Leverage in a consultancy business – a worked example
Following on the series of business planning related blog posts (see ‘What a good business plan looks like?’, ‘Developing a Business Planning Process’, Some Business Planning ‘Top Tips’, Personal Case Study, Some Recommended Books and Professional Service Leverage Models), this post looks at a worked, real-life example of leverage.
With the previous blog, I hopefully got across just how central the concept of leverage is in your forming plans – it impacts how you serve your clients, how your team will grow and, fundamentally, your potential profitability.
Perhaps the best way to step you through the process of actually planning your leverage structure is to take you through a worked example – of my attempt at this when I penned my original start-up plan for Moorhouse.
First off, against the three types of client service work I have just described, I envisaged that Moorhouse would be best structured along the ‘grey hair’ variant. I was positioning the firm to be the preferred partner of a client seeking support in complex, large-scale transformation programmes. Such work required experienced practitioners first and foremost.
Next, I conjectured that a typical ‘grey hair’ client project (for example, the establishment of a programme management office for a client) could feasibly be structured as follows:
This structure was also grounded in a desire to grow an organisation that was relatively ‘flat’ (i.e. only three levels initially) and with a clear promotion path through it. This latter concept was key in terms of attracting, and motivating, the requisite calibre of colleague I sought.
Next, I needed to consider target utilisation for each level; this resulted in the following proposal:
With these organisational design parameters set, I could estimate that to run, say, four consecutive projects, would require the following staffing composition:
This gave me an indicative leverage structure of 1 Principal: 1.5 Managers: 3.75 Senior Consultants.
I knew then that to attract the right calibre of staff (i.e. consultants motivated to progress through this business structure), I needed to ensure that the promotion timetable was achievable. This, in turn, demanded a certain level of firm growth to allow for these professional development opportunities. Indeed, this is a fundamental aspect of a professional service business. Growth per se does not lead to greater profitability (if the same owner-to-staff leverage structure is main- tained). Growth is, however, a pre-requisite if talented staff are to be attracted to, and rewarded within, your firm.
I moved next, therefore, to how this structure could be developed, with initial ‘block’ recruitment in year two and subsequent recruitment/promotion along the lines presented. The numbers against the arrows show the transfer between levels of promotees.
Clearly, such an initial model was a simplification (for example it did not account for any staff attrition or – at least – assumed any such staff loss would be regained in year) and was predicated on revenue growth opportunities being secured from the off (significantly so in year two). Notwithstanding all this, it provided an invaluable reference baseline.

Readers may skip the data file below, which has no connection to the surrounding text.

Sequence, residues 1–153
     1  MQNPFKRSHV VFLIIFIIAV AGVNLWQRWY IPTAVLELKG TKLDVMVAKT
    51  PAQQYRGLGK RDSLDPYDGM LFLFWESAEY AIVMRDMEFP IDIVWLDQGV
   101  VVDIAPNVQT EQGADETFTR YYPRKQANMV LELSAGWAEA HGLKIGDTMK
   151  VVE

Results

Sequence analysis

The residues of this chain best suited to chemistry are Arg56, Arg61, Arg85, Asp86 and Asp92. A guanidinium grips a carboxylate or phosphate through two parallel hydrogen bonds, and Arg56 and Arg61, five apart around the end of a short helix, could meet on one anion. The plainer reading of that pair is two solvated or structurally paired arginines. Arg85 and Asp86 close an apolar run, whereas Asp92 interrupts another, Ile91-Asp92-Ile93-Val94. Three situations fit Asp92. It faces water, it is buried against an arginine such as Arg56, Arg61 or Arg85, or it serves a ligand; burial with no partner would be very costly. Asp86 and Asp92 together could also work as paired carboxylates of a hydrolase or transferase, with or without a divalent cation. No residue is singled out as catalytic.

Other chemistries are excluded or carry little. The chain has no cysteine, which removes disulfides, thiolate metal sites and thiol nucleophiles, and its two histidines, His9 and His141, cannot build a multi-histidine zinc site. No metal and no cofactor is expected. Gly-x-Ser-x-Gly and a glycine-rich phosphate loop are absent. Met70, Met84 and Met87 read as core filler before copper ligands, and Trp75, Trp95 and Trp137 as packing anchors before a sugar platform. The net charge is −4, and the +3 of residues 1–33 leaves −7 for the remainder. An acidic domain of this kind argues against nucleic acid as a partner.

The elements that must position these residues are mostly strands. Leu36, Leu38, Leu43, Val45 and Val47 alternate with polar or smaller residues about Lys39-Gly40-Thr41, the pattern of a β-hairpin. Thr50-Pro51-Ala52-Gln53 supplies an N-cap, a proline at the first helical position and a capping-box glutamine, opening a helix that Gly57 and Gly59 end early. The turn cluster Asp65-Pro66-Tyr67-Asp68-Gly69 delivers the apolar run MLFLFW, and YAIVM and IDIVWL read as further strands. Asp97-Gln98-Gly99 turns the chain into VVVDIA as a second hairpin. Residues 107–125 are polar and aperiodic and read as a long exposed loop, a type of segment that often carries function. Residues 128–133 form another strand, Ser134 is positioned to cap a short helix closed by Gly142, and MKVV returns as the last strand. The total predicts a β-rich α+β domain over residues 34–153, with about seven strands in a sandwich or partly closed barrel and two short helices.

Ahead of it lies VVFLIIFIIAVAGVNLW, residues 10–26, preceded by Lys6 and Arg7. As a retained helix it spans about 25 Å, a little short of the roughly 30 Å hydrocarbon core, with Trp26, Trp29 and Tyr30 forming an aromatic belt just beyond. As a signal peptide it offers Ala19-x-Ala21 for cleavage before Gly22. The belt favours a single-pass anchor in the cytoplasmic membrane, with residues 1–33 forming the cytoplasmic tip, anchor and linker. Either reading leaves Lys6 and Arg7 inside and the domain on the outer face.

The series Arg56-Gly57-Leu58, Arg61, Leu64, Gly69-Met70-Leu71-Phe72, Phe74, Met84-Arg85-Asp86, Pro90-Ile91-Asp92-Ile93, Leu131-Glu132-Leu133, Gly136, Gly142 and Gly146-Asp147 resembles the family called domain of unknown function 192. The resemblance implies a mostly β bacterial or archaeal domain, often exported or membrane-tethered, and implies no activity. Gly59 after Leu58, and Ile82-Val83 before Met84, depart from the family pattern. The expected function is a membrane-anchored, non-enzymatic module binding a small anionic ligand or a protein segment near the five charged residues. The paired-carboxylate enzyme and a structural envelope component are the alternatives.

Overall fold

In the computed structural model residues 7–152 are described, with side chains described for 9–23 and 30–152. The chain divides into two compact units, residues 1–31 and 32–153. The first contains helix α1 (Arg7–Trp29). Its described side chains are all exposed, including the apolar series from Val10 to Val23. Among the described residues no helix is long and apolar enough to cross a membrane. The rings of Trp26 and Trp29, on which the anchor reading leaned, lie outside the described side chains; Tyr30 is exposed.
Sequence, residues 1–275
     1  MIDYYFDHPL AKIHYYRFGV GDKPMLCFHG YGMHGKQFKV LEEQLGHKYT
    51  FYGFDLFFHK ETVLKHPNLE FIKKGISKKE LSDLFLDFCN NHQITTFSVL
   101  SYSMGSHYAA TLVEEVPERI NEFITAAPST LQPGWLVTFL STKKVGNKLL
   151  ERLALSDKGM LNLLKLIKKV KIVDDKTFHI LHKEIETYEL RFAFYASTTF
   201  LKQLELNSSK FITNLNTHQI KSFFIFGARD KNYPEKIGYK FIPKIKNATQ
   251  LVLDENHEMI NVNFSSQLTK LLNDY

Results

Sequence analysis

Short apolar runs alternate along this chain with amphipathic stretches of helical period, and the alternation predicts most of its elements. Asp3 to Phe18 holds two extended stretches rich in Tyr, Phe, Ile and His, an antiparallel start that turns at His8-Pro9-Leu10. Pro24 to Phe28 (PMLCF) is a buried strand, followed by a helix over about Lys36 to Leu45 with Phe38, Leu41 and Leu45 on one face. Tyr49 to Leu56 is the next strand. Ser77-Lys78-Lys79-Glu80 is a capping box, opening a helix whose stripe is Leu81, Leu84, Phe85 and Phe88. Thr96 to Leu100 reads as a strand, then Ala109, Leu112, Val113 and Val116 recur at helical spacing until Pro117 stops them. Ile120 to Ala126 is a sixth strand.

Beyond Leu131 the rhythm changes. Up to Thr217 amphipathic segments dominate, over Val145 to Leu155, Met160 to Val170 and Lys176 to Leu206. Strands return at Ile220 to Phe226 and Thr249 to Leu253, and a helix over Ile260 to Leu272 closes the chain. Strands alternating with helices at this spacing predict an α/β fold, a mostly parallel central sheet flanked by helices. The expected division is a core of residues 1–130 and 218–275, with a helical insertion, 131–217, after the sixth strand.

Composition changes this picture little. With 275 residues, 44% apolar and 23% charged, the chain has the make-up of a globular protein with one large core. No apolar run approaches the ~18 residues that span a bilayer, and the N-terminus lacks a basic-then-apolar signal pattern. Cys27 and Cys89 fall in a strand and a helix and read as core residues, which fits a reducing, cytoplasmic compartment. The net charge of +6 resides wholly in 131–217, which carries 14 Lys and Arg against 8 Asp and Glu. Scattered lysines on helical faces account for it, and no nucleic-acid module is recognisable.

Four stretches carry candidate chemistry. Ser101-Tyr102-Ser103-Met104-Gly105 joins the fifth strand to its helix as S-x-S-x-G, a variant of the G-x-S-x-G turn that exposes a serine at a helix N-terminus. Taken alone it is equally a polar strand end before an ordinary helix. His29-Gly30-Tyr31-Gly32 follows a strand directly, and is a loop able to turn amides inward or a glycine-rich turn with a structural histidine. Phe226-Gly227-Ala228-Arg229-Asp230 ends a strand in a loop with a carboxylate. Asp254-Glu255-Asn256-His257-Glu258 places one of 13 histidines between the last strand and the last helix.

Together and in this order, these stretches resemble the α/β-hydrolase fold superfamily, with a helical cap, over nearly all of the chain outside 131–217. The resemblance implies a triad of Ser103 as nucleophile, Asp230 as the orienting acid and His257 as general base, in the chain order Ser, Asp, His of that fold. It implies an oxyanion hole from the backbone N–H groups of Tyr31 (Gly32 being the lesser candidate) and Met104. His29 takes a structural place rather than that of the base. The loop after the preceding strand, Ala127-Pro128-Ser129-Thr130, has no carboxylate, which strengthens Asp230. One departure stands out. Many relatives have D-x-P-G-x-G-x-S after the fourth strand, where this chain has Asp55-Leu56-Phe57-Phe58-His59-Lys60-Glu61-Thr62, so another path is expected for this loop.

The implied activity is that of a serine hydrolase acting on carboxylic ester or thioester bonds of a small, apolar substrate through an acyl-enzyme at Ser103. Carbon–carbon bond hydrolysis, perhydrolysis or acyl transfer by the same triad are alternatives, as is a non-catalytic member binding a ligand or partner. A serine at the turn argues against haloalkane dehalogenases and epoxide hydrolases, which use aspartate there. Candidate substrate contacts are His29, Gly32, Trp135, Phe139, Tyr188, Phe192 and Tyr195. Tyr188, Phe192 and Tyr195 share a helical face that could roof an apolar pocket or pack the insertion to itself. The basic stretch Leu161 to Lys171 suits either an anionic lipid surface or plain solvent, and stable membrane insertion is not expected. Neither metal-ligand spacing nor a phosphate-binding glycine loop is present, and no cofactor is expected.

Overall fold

Flowing this leverage logic through, the pyramid below shows how I wanted Moorhouse to look in our year five.
All this planning was based on client service practitioners solely; I projected also a requirement for a supporting infrastructure team (envisaged as c. 4–6 staff).
This then was the organisation growth schedule that predicated much of the financial analysis of my original plan. It is a form of internal, bottom-up logic; that is you are designing growth as a function of what it needs to look like to sustain the right level of service for your intended clients, the right level of career development for your future colleagues, and, the right levels of overall profitability. Self-evidently, this all needs to be ‘pressure tested’ against a top-down analysis (is there sufficient demand?) before you become settled with it; notwithstanding, it is absolutely critical you plan with these leverage dynamics in mind.
And, how did we fare against this plan? Well, we smashed these projections. I arrived at the year five projection at the end of year two! I make this point, however, not to undermine my point about planning but to reinforce it. Without such foundation planning, I wouldn’t have had a target to march towards or a leverage design to manage to. I doubt whether the best of my team would have been sufficiently attracted to the firm in the first place if this form of career development planning was not in evidence. Indeed, we may well have misfired on the client delivery side of the equation had this been poorly thought through. In summary, leverage planning was key and it sits at the heart of your forward success too.
*1 At this start-up stage, I envisaged the principal grade being the senior-most grade (in which the company’s owners would reside). In the fullness of time, I actually introduced the fourth grade of director to make this ownership (and board role) distinction.
*2 It should be noted that when we introduced the director level (as the primary ‘finder’ grade), the utilisation target for principals was raised to adjust for the fact they were now the main ‘minders’ in the business.
If you are interested in re-charging your business ambition/strategy/plans, Dom runs his (three-day) Five-Year Entrepreneur Retreat twice a year (March, September) – see here for previous delegate testimonials and details on future presentations. If you would like to make a reservation (capped to 14 attendees per Retreat) please drop a line via the contact page.